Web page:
Nov 20, 2011 at 1:30 pm #1282207
@ecp12Locale: Upstate NY
My brother and I are looking to thru hike the TRT this upcoming summer. I am starting to look into the logistics of planning this trip. When exactly should we plan on hiking it? I think this is highly subjective since it depends on the snow in the Sierras, but for those of you who have done it, when do you suggest? We don't live in CA so would you suggest flying into SMF and renting a car? I would hate to rent a car and just have it sit at a trailhead for 9 days basically wasting money. I'm planning to pick up the guide and maps from the TRT shop, but is there anything else that I should read before we head out? From what I've read, it's a fairly easy trail to follow. Finally, how prevalent is water on the trail? I remember reading Tony Wong's trip report about the TRT and he noted that water was pretty scarce on the trail. So, any advice anyone could give on the TRT would be very appreciated, thanks!Nov 20, 2011 at 2:03 pm #1803728
Tony WongBPL Member
@valsharLocale: San Francisco Bay Area
Definitely a matter of checking on the weather conditions that we have this upcoming winter to give you a sense of when the right time will be.
I believe that the link for the Tahoe Rim Trail has a map showing what sections are open and which ones are closed due to snow.
Here are some links:
TRT Home Page:
TRT Trail Conditions:
My Photo Essay from 2009:
If memory serves me, at the end there is a listing of the food we took to start with, how many days of food between resupplies and locations to resupply at.
The Eastern Side of the TRT is very dry and after Marlette Lake, your next reliable water source was Spooner Lake, which is 9.3 miles between the two. Depending on how the snow fall is this winter, it might mean water or no water along that section. The lighter your pack, the faster you can get to the water or the more you can carry with you.
From Spooner, you have 13 miles to the Tramway Market by Heavenly Ski Resort…that was our driest section of the trip, which required us to carry extra water to cover meals that night and in the morning. I recall carrying 6 Liters, which sucked…think I really only needed 4 L, but I do have a relatively low water consumption. Know your personal consumption rates from past experience. Note: being higher elevation, the air tends to dry you out too.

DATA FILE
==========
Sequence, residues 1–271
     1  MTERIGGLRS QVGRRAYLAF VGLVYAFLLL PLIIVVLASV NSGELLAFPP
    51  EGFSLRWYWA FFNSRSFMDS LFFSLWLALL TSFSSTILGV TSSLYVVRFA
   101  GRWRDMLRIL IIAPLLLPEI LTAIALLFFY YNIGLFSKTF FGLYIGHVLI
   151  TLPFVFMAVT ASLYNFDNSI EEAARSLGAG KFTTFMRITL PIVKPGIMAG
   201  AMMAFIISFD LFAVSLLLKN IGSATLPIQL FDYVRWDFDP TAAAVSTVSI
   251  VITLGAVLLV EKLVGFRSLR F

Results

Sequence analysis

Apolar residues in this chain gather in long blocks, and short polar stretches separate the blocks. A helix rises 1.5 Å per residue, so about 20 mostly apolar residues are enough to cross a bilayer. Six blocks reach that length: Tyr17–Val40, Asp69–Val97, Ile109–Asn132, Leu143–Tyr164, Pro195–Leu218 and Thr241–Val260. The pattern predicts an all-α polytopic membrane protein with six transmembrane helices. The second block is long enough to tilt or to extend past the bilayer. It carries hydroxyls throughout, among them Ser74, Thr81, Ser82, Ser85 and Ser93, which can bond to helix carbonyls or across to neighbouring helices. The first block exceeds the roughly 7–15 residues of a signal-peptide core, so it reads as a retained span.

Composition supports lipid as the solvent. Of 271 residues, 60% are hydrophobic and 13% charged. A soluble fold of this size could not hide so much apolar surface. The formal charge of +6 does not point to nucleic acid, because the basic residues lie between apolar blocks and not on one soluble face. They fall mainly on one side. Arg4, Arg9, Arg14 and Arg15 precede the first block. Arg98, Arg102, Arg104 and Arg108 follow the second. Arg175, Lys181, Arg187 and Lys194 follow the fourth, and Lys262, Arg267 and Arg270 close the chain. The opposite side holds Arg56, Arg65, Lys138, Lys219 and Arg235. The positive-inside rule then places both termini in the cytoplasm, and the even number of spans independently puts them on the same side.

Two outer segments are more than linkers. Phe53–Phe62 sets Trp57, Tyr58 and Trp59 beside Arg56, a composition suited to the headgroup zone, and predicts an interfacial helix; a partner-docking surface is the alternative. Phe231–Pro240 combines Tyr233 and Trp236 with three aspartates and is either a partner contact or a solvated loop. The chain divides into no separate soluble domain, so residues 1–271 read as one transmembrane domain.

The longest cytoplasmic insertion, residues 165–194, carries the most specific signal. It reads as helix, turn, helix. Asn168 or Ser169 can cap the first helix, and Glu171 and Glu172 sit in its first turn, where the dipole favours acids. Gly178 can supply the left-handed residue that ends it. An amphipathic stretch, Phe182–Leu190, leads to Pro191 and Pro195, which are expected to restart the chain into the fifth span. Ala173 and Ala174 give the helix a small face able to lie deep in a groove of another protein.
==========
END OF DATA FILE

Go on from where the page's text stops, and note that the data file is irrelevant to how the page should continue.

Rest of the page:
As for when to go…we went in July. August should be free of any possibility unless we have a winter like last year at 160% to 200% of normal in the Sierras. Downside with going later in the year is that you also have less water on the Eastern Side.
Simply check the trail conditions….good news is that even in the dry sections, you can carry all the water that you need. Just a matter of how uncomfortable you might be depending on your base weight.
The other spot where water will be an issue for sure is Brockway Summit. You will need to leave yourself a gallon of water per person there, maybe one extra gallon for you both to share to tank up on the spot. Do that when you drive in to the trail head. Suggest labeling the water to explain why it is there and to emphasize that you need this water to stay alive. Hide it in the bushes. We did not have a problem with ours.
Lastly, besides checking the TRT website, I am sure you can post up questions here and someone who has either hiked the trail a few days or weeks before you can provide you with information. I even recall that some BPL members living up in Tahoe were nice enough to provide trail conditions for the general area in response to a post that I put up here.
Hope this helps….you are going to have a great time of it!
-TonyNov 21, 2011 at 2:14 pm #1804118
Elizabeth TracyBPL Member
I don't mean to butt in, but I don't find the TRT very scenic compared to all the areas further south in the High Sierra that a person can thru-hike. (JMT; HSR; HST; Sonora Pass to Tuolumne on the PCT; etc.)
Have you done those ones already?
And if you have done them: There are so many delicious thru-hikes all over the West that are also simply better than Tahoe. Probably 5-6 outstanding ones in Washington State alone (loops, semi-loops or thru-hikes along sections of the PCT). And that is not even to mention some great possibilities in Wyoming, Colorado, Oregon…or, say, a series of shorter (3-5 day) hikes in southern Utah in April or October.
– ElizabethNov 21, 2011 at 4:02 pm #1804151
Tony WongBPL Member
@valsharLocale: San Francisco Bay Area
I completely agree with you, but the TRT does offer something…relative ease of access off trail for resupply, which allows for a long trip with a relatively light load.
We used the TRT as a training trip for the JMT.